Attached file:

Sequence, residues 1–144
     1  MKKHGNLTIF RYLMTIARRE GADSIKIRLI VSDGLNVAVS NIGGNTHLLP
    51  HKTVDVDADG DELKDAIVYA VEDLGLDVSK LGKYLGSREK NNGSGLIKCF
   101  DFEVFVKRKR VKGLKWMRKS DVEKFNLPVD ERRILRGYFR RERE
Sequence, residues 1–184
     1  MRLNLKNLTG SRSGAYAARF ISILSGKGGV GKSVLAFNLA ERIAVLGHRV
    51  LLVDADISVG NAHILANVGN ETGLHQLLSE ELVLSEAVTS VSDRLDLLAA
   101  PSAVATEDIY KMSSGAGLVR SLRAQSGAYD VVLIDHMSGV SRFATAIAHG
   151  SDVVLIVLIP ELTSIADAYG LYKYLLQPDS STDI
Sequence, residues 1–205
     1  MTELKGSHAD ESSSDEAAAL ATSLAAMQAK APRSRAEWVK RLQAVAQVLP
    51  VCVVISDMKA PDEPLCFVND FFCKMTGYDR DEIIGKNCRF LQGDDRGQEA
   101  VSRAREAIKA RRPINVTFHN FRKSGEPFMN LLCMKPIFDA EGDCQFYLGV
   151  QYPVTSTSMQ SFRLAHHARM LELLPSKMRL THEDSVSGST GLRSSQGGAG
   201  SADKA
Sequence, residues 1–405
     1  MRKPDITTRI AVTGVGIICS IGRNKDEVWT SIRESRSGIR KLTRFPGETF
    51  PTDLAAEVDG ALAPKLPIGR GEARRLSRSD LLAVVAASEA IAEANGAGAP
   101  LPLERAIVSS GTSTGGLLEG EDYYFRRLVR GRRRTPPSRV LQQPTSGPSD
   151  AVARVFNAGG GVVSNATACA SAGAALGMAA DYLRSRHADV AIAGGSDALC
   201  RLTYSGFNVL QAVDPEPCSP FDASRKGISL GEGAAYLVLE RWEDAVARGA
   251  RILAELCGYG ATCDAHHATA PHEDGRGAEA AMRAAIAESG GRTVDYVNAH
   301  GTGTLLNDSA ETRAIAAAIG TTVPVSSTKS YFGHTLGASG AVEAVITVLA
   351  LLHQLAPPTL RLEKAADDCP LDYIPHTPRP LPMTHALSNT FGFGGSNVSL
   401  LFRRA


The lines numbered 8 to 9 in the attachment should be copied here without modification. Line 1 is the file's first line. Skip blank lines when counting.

   101  PSAVATEDIY KMSSGAGLVR SLRAQSGAYD VVLIDHMSGV SRFATAIAHG
   151  SDVVLIVLIP ELTSIADAYG LYKYLLQPDS STDI